Since the launch of the first iPhone in 2007, the production and mainstream usage of smartphones has exploded. The device opened a world of innovation in mobile technology, which was soon followed by a similar boom from apps.
Today, we rely on apps to do just about everything, from keeping us organized to pure entertainment. Millions of downloads later, the app economy is as strong as ever.
App development has created 466,000 jobs across all available platforms, according to a survey performed by TechNet. This includes local baristas, since many developers rely on coffee shops to get work done.
Our friends at Frugal Dad have created this infographic about the economy and how it’s been affected by smartphones and apps.
All is not dismal on the U.S. employment front. In addition to upward trending employment statistics, TechNet, the bipartisan policy and political network that promotes the growth of the innovation economy, published a new study Tuesday showing that mobile app development is creating jobs at a dramatic pace.
According to the report, there are now roughly 466,000 jobs in the so-called “App Economy” in the United States. That’s a dramatic improvement over 2007, when that number was… well, zero.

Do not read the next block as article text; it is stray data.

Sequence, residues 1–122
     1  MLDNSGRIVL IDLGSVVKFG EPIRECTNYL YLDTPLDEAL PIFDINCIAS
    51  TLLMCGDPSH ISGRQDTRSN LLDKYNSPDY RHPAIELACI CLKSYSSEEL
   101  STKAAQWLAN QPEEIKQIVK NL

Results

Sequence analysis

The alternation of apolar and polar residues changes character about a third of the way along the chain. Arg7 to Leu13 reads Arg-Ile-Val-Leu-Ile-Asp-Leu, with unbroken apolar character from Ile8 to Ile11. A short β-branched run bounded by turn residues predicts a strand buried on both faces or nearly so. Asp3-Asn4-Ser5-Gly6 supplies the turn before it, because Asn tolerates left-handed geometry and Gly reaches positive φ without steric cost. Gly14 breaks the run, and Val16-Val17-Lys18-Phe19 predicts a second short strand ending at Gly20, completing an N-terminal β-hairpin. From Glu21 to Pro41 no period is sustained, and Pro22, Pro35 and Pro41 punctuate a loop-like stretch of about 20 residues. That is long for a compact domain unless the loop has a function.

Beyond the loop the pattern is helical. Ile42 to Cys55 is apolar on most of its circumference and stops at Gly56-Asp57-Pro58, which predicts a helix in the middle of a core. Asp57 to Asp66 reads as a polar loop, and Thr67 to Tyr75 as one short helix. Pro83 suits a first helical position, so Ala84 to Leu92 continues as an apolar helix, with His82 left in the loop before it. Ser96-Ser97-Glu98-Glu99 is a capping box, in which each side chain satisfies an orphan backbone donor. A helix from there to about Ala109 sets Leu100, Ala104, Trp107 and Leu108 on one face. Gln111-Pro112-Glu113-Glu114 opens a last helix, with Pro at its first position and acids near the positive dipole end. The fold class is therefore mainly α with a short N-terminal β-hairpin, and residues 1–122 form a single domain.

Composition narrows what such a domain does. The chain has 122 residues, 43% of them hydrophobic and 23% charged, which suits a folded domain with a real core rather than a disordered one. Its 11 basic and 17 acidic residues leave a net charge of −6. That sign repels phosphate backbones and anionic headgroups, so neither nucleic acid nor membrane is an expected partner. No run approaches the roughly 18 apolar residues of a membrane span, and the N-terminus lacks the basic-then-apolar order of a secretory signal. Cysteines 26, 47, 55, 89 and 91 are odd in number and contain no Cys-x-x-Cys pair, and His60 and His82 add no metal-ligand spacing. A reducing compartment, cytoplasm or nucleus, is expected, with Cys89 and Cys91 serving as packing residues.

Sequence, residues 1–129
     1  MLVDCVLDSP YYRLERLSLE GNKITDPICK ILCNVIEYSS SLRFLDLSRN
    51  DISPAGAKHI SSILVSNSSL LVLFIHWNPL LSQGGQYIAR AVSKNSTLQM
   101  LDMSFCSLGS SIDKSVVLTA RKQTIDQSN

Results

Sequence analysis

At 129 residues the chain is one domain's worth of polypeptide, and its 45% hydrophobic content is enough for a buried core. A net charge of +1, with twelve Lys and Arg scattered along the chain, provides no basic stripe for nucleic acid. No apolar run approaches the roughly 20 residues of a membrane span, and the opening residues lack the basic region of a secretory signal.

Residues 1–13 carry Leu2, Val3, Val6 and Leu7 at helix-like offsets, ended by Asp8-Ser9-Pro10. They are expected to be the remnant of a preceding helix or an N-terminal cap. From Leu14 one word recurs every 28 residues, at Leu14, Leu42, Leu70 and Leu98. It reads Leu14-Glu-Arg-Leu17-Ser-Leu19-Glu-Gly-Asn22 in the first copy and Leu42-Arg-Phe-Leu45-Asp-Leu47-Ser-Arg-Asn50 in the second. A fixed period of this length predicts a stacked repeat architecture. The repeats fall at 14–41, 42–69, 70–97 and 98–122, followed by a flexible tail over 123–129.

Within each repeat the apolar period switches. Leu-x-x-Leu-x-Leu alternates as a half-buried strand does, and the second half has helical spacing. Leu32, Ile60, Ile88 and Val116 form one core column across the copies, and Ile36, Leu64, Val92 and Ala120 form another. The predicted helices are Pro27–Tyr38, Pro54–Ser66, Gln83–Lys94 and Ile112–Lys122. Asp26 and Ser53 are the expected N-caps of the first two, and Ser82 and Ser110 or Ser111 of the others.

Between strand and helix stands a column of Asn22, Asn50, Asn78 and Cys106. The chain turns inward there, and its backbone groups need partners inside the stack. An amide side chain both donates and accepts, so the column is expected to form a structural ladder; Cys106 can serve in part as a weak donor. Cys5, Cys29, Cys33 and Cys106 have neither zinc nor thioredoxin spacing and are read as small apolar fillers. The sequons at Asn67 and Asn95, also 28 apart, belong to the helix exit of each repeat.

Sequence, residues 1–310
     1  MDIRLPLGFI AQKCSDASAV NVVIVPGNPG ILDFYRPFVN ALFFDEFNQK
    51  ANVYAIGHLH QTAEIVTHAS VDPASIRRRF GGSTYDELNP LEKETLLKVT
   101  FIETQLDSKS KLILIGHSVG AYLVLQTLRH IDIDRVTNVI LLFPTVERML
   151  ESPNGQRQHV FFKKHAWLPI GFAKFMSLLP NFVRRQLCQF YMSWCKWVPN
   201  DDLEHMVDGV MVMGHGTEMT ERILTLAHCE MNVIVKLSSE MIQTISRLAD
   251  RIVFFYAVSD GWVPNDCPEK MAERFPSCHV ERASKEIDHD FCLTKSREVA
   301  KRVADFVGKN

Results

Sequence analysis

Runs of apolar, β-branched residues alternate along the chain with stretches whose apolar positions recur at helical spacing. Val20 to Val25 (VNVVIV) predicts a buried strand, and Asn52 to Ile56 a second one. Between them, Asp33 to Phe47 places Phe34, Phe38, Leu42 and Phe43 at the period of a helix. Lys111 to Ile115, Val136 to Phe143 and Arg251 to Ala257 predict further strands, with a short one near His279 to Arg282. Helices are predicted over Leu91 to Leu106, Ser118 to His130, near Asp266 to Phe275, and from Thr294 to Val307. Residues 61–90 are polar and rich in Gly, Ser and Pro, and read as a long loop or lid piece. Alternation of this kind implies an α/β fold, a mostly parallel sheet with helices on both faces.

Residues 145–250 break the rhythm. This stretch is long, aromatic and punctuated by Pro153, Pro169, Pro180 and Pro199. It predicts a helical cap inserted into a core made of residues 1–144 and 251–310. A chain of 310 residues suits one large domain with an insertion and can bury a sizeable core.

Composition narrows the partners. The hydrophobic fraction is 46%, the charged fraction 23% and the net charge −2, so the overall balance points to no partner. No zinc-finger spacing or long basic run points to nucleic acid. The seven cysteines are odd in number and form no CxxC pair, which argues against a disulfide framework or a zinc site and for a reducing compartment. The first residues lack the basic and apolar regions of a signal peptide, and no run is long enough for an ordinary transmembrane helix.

TechNet also found that these App Economy jobs are spread throughout the nation. The top metro area for App Economy jobs is New York City and its surrounding suburban counties, although together San Francisco and San Jose together substantially exceed New York.
“America’s App Economy – which had zero jobs just 5 years ago before the iPhone was introduced – demonstrates that we can quickly create economic value and jobs through cutting-edge innovation,” said Rey Ramsey, President and CEO of TechNet. “Today, the App Economy is creating jobs in every part of America, employing hundreds of thousands of U.S. workers today and even more in the years to come.”
“The App Economy, along with the broad communications sector, has been a leading source of hiring strength in an otherwise sluggish labor market,” said Dr. Michael Mandel, the report’s author and President of South Mountain Economics and former Chief Economist for BusinessWeek.